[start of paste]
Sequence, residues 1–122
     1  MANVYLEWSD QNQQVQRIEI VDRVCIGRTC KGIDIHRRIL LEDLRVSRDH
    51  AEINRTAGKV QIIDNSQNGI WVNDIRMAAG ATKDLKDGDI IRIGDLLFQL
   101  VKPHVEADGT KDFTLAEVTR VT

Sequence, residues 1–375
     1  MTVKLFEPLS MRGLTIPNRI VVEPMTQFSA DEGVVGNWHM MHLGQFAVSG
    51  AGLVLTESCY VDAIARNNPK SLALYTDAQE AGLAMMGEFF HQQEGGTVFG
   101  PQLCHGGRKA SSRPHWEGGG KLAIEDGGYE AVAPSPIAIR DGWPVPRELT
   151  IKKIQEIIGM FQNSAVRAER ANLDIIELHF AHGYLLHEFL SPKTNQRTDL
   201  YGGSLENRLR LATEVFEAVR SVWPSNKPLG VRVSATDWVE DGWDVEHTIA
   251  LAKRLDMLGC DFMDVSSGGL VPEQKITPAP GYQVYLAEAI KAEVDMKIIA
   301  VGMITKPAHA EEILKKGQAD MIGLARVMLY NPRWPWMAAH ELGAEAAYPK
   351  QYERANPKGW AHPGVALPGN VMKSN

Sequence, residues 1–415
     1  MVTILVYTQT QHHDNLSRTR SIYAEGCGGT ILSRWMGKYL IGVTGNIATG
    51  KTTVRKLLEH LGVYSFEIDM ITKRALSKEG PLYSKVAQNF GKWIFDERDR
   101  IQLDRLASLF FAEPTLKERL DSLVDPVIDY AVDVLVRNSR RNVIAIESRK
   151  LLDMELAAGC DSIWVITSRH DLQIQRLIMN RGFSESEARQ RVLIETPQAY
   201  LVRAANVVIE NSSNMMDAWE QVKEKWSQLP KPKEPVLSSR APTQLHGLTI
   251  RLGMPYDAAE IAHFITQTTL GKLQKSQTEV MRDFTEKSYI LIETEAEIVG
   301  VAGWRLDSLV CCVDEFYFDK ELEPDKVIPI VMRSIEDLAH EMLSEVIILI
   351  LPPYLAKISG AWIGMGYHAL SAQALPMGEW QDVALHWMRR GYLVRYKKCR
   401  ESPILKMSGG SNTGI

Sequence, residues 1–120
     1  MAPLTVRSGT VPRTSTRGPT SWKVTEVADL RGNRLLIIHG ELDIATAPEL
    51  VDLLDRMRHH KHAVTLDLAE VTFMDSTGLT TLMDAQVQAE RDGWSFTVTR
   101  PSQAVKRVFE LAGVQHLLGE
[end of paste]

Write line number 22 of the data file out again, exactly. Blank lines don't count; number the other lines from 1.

   351  LPPYLAKISG AWIGMGYHAL SAQALPMGEW QDVALHWMRR GYLVRYKKCR